Normally, it takes a couple of years for a vehicle manufacturer to develop and come up with its first production model. But barely three months after joining forces, Le ‘Guider International and passenger jeepney giant Sarao Motors were able to conceive their first e-jeepney—the GP Sarao EJ-12.
Engineer Youssef Ahmad, chairman of Le ‘Guider, had the first GP Sarao delivered to the Land Transportation Office (LTO) main office on East Avenue, Quezon City, in time for the agency’s 106th founding anniversary celebration.
As requested by LTO chief Edgar Galvante, the GP Sarao EJ-12 jeepney will be at the center of the electric vehicles exhibit that began yesterday, and will remain open to the public until Friday, April 27.
Sarao Motors’ Ed Sarao and Youssef signed a memorandum of agreement last January, for the joint manufacturing of electric jeepneys that comply with the government’s road safety and emissions standards. The e-jeepneys will be manufactured at Sarao’s seven-hectare facility in Las Piñas with a production capacity of 50,000 units a month.
Le ‘Guider took charge of the electric motor system while Sarao Motors supplied the body, chassis and suspension requirements.
So what's the new GP Sarao like?
First, Ahmad and Sarao placed the ‘King of the Road’ phrase on the windshield—that iconic phrase that adorns almost every jeepney's front.
Then, it retained the long front end with the rectangular, boxy body to keep the look and shape of a traditional jeepney that Sarao Motors built for more than half a century—but minus the spare tire that's usually placed on the driver side. Instead, the spare tire is secured in the underchassis and can be retrieved through a small opening at the rear.
Just like the old jeepneys we rode in Quiapo, Sarao’s new shuttle still has big windows, big tires and solid iron bumpers. To accommodate more passengers, the GP Sarao was built taller, wider and longer. Ahmad says the GP Sarao has a seating capacity for 20 passengers and 12 more for standing passengers.
To comply with the regulations of the LTO and Land Transportation Franchising and Regulatory Board (LTFRB), a passenger door at the front right side was designed for easy and safe ingress and egress of commuters.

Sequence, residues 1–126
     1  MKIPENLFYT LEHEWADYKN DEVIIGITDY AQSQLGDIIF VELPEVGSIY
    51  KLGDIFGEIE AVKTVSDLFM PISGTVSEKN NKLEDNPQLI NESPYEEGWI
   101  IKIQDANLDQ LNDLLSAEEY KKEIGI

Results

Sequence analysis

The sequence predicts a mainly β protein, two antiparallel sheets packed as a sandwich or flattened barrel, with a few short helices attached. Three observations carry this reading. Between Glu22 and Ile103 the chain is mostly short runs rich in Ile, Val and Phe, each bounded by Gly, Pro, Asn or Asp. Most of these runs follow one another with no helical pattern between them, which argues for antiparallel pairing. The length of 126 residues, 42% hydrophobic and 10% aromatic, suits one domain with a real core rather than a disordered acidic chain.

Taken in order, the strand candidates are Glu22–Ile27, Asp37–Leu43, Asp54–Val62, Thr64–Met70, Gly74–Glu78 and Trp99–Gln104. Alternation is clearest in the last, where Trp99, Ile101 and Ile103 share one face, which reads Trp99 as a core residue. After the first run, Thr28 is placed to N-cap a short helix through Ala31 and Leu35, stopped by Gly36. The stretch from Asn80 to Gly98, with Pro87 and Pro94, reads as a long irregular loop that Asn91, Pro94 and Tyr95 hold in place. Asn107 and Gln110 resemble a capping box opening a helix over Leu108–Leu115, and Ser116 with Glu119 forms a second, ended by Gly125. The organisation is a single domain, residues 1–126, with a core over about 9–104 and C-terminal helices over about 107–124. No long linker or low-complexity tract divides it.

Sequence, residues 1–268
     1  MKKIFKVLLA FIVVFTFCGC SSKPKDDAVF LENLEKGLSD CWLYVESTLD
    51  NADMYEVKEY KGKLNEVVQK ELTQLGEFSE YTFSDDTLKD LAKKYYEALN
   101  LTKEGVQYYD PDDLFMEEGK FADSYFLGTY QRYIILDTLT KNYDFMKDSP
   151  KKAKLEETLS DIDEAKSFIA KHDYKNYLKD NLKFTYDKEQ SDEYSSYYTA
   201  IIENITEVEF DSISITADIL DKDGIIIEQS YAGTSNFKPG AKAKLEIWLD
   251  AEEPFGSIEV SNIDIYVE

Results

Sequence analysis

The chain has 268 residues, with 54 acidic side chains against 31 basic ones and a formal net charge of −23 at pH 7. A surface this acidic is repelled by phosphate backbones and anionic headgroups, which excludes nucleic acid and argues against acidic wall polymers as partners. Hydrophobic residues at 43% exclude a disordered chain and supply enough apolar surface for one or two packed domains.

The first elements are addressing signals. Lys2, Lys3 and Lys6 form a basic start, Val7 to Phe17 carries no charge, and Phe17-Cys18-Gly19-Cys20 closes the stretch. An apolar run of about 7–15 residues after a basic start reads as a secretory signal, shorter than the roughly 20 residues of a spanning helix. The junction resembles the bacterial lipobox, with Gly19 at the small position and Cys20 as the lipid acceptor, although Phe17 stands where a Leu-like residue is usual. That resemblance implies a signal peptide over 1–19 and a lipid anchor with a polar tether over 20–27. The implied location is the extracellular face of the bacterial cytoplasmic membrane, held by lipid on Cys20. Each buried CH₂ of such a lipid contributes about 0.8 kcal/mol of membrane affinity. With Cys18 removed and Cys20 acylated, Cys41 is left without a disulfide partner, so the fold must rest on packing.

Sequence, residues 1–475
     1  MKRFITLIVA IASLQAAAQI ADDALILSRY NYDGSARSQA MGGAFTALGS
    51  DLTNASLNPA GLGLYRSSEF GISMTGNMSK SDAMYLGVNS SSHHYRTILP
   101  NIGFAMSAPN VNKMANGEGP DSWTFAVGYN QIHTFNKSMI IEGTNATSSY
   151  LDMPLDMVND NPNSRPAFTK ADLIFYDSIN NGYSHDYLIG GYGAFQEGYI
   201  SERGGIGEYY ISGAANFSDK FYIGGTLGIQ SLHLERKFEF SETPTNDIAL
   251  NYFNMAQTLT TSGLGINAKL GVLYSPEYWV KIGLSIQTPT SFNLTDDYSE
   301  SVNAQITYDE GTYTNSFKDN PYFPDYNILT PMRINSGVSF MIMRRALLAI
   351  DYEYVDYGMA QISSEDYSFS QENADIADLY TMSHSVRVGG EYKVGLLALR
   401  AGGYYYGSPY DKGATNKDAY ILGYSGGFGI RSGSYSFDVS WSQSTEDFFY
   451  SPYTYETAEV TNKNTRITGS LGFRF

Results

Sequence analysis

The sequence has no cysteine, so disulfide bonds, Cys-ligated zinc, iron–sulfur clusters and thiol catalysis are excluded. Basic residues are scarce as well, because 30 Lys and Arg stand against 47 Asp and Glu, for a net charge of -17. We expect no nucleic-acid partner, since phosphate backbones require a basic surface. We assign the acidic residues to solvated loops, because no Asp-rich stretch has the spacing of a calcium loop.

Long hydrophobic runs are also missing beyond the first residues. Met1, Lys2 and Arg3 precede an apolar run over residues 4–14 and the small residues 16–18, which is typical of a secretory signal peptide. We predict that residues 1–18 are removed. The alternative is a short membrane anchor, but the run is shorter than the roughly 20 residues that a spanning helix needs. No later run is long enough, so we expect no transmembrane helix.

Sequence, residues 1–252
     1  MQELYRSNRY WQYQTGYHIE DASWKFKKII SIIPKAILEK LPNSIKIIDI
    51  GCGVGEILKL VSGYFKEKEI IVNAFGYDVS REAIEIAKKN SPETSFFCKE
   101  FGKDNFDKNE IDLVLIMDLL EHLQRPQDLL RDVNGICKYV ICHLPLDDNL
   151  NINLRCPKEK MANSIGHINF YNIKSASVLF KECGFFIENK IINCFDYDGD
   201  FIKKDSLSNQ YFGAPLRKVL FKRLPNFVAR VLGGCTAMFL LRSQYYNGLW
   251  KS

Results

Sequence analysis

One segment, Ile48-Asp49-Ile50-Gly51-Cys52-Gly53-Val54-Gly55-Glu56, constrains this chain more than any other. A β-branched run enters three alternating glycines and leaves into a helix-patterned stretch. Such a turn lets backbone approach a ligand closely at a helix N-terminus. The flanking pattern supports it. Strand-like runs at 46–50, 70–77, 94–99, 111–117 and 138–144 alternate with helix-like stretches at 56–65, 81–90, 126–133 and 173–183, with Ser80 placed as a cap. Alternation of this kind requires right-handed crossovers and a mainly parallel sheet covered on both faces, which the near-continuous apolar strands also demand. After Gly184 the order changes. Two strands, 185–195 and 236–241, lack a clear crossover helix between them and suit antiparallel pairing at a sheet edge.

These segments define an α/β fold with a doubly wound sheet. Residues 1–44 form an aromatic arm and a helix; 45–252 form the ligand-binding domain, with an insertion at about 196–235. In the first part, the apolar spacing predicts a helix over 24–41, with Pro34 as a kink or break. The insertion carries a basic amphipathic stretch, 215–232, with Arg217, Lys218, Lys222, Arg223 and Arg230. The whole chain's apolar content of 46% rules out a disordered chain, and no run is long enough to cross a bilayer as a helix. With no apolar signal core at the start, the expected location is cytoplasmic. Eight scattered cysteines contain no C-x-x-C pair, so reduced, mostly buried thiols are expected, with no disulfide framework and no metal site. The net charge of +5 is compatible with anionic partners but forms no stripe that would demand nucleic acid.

Now let’s zero in on the high-tech features of the GP Sarao:
It’s powered by a permanent magnetic motor with a peak power output of 50kW. The capacity of the lithium ion battery is rated at 100kW (with an option for expansion up to 200kW).
With these, the GP Sarao can sprint up to 140kph and has a maximum range of 120km from a fully charged battery. Youssef says battery charging will take two to four hours.
One of Sarao's earlier requests for e-jeepneys were manual transmissions. So what the client wants, he gets. The GP Sarao is equipped with a traditional five-speed transmission and not the direct drive system that is common among locally available electric vehicles. Youssef likened the EVs with direct drive system to golf carts, and these face the risk of burning when the electric motor overheats.
A basic GP Sarao unit has several available options like A/C, solar panels, and an automatic door.
One of the best selling points of the GP Sarao is the multimedia system which is also capable of handling communications, battery management, GPS tracking and monitoring, and dashcam functions from the big LED screen mounted near the driver’s side.
The GP Sarao boasts of a computerized controller with multi-layer protection against battery power drain and a circuit breaker against power overload.
The e-jeepney is now ready for mass production, yet Youssef is still mum on the price range.
“Ed Sarao and I are still assessing the costings of both companies. We still have to determine the volume (of production) so the cost will go down,” he added.
Now, let’s play a little guessing game. How much do you think a GP Sarao jeepney will cost? And more important, where's the wooden box for bills and loose change?